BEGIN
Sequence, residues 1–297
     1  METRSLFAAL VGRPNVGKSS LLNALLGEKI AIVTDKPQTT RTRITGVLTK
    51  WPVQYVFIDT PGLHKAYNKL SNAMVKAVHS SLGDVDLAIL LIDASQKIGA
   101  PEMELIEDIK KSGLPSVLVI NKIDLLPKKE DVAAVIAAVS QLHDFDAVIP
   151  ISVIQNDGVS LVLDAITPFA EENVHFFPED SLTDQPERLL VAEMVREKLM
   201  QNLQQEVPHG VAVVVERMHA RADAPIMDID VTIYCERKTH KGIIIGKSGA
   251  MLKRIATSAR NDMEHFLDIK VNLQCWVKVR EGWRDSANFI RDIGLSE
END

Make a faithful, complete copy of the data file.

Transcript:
Sequence, residues 1–297
     1  METRSLFAAL VGRPNVGKSS LLNALLGEKI AIVTDKPQTT RTRITGVLTK
    51  WPVQYVFIDT PGLHKAYNKL SNAMVKAVHS SLGDVDLAIL LIDASQKIGA
   101  PEMELIEDIK KSGLPSVLVI NKIDLLPKKE DVAAVIAAVS QLHDFDAVIP
   151  ISVIQNDGVS LVLDAITPFA EENVHFFPED SLTDQPERLL VAEMVREKLM
   201  QNLQQEVPHG VAVVVERMHA RADAPIMDID VTIYCERKTH KGIIIGKSGA
   251  MLKRIATSAR NDMEHFLDIK VNLQCWVKVR EGWRDSANFI RDIGLSE